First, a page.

Interview with Dan Swain: Marx’s Theory of Alienation
Dan Swain is an activist and writer. He is currently working on a PhD in Marxism and Ethics at the…
A number of people have criticized the article on pop-up unions. The main accusations levied against the article: 1) the numbers are wrong 2) The interpretation of electricians’ dispute 3) that I glorify the pop-up union.
1) When people pointed out a flawed membership number I immediately corrected it and took responsibility. However, the conclusions of the article remain the same: workers have been ill-served by Unison and found themselves having to construct novel forms of organisation. This process should not be dissmissed. This is a process many workers in struggle have had to go through.
An article on the Pilkington Strike from 1970 shows how “the rank and file committee [didn’t] start off with an ingrained hatred or even distrust of the G&MWU officials. They established their committee so as to fill in obvious gaps in the existing, organisation […]. It was only when the union moved from half-hearted co-operation with the strikers to open hostility and scabbing (when the strike was about a fortnight old) that the rank and file committee began to move against the union. (Source:
I wonder why people are against all new forms of organisation? Is it perhaps because it threatens to upset ‘(un)healthy’ balances inside of the trade union movement…
2) It can be argued that I am ‘soft’ on Len McCluskey in the article and my interpretation missed the mark. His ‘social movement unionism’ (Kim Moody) should be welcomed - yet criticised. However, we shouldn’t define ourselves first and foremost by our difference but rather develop an analysis of the balance of forces inside of the union and the wider working class. In doing so, we can judge whether his strategy constitutes an advance or retreat. This can help us to understand what kind of forms of organisations are required and how we can apply pressure and work together.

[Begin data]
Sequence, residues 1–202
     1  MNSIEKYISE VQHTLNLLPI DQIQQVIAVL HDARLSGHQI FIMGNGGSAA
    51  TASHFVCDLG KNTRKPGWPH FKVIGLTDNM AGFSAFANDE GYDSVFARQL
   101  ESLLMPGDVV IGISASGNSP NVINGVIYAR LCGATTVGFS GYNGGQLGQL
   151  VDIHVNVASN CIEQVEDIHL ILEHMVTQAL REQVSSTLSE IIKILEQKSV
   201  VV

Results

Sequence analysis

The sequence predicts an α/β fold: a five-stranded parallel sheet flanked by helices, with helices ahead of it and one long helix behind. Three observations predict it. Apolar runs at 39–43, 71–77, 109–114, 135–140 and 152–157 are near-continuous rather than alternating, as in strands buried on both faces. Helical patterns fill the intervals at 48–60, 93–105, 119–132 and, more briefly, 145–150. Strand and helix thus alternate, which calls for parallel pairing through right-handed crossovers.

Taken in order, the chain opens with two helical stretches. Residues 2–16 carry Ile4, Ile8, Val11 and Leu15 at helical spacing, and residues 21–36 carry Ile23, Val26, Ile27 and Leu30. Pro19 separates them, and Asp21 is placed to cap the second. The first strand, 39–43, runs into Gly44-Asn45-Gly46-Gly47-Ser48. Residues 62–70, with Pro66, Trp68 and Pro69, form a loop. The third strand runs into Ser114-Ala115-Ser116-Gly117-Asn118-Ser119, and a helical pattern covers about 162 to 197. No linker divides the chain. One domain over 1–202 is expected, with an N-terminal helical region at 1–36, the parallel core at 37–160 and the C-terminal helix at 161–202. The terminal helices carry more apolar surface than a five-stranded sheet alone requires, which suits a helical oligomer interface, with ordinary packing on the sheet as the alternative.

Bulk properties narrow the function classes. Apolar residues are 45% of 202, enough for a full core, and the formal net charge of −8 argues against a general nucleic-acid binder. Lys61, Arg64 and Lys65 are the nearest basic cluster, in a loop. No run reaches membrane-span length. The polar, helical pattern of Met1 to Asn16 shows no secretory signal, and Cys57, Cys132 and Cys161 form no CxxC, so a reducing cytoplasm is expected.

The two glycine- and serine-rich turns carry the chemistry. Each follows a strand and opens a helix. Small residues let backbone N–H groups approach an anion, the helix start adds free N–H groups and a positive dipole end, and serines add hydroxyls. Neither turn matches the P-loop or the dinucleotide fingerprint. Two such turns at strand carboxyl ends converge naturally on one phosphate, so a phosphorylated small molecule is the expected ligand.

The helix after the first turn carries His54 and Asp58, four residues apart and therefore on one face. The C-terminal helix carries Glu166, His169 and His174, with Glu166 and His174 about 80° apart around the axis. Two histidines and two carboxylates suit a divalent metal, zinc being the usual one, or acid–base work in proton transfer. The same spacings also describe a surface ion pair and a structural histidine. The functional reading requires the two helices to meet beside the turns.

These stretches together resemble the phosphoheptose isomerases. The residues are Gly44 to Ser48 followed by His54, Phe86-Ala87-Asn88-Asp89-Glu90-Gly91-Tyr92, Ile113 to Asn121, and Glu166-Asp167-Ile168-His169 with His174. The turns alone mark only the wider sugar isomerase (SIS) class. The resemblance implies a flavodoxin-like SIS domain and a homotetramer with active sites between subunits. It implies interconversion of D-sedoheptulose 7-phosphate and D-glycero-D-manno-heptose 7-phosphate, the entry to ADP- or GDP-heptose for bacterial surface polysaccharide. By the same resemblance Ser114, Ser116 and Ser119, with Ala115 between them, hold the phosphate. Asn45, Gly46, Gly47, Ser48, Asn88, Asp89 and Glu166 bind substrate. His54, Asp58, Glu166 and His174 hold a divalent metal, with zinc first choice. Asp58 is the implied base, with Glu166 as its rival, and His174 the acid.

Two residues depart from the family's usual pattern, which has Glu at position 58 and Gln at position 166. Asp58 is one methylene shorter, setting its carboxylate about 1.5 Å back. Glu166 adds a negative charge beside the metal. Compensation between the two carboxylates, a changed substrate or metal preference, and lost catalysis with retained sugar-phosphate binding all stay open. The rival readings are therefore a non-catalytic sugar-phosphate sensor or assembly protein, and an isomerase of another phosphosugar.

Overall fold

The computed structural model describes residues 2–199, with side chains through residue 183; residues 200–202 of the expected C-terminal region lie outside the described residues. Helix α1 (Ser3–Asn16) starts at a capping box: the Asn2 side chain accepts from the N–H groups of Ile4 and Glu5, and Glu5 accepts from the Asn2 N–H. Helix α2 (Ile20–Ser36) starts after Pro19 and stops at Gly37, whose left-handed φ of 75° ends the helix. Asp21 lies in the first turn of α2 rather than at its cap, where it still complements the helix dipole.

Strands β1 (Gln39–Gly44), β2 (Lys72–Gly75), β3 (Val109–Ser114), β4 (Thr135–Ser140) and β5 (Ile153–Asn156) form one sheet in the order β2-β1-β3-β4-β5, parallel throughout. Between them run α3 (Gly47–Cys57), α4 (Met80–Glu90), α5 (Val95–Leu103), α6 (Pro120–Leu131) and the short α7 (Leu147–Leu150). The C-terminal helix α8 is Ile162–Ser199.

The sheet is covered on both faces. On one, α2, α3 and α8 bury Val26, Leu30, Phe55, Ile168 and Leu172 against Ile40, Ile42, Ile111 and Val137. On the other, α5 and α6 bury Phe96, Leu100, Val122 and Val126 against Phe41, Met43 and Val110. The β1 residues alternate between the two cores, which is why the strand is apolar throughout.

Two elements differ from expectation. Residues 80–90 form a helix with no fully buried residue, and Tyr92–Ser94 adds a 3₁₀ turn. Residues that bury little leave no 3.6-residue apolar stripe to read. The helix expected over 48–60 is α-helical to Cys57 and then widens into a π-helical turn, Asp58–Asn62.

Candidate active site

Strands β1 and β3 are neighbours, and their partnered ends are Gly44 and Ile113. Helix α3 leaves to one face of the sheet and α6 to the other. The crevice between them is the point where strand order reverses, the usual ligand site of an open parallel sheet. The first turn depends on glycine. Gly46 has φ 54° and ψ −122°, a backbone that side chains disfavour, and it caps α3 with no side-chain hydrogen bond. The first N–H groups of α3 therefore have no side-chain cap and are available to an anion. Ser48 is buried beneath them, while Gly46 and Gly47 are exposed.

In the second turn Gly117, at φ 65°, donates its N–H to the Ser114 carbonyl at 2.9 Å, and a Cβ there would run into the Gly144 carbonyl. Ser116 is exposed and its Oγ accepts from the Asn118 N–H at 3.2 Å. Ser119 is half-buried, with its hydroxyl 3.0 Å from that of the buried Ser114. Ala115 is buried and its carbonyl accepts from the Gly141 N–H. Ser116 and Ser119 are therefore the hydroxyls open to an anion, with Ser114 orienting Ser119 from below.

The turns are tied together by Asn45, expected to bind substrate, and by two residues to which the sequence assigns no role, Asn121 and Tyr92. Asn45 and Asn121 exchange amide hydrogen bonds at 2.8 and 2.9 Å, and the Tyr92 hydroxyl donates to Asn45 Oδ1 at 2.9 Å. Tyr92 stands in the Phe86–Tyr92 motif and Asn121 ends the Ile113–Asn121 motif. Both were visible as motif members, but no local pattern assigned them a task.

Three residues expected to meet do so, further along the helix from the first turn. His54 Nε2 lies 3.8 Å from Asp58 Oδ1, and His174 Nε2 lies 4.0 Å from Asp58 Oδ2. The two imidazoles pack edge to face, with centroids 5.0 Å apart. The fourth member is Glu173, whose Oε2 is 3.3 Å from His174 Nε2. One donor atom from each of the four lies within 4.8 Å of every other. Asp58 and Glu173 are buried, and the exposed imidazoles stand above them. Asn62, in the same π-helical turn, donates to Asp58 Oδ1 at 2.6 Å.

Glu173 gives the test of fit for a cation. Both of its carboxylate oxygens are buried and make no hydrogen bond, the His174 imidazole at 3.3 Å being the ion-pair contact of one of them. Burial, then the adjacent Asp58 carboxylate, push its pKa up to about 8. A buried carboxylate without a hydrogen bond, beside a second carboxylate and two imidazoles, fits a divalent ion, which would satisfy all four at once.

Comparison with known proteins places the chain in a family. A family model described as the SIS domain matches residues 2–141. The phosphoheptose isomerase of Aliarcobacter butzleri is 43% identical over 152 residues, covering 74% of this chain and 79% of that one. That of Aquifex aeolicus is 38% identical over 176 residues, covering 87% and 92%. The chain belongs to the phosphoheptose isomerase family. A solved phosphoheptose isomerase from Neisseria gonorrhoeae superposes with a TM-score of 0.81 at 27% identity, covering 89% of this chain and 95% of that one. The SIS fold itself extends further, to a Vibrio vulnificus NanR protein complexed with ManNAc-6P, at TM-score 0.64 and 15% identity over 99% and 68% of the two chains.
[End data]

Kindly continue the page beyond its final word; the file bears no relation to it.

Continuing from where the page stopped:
To dismiss the entire article - or, much rather the pop-up union - because of two ‘flawed’ sentences is the cheapest trick in the hand book and will not stand the test of time.
3) I don’t glorify the pop-up union. I wish there were thousands of Unison branches across the country which would lead the fight against outsourcing, privatisation and cuts. In some localities such as London Met, SOAS and Tower Hamlets this is the case. We should remember that these are exceptions to the norm.
What I refer to as ‘zombie branches’ are indeed ‘zombie branches’. This does not however exclude the very possibility of action. As David McNally points out in his book Monsters of the Market, George Romero’s and Wes Craven’s zombie movies always end in zombie revolts. Perhaps we should organise a reading group of McNally’s book to show how capitalism/30 years of ‘downturn’ turns us into zombies, and how we can fight the ‘giant vampire squids’ of Goldman Sachs (Taibbi).
As I conclude in the article: “Political mobilisation and struggle necessarily creates new organs, tools and structures. Some of these will be premature and will fail; others will succeed. The Pop-Up Union at Sussex has strong potential to act as scaffolding for the wider struggle on campus and to transcend the narrow confines of recent trade union struggles in Britain. The future of this project is of course uncertain. But we can be sure of one thing — the fight at Sussex will remain an immediate reference point for students and university workers in the struggles to come.”
Sounds a bit too much like Rosa Luxemburg to me but I never thought that would be a crime.
Cosmarxpolitan, Issue 2
The Asiatic mode of production and your butt
Professor Richard Wolff was interviewed by Amy Goodman on Democracy Now. The interview is nice. You can watch it here.
If you want to know more about his work and some of its limitations you can read my review of his latest book Democracy at Work: A cure for Capitalism here.
LISBON, 25 APRIL 1974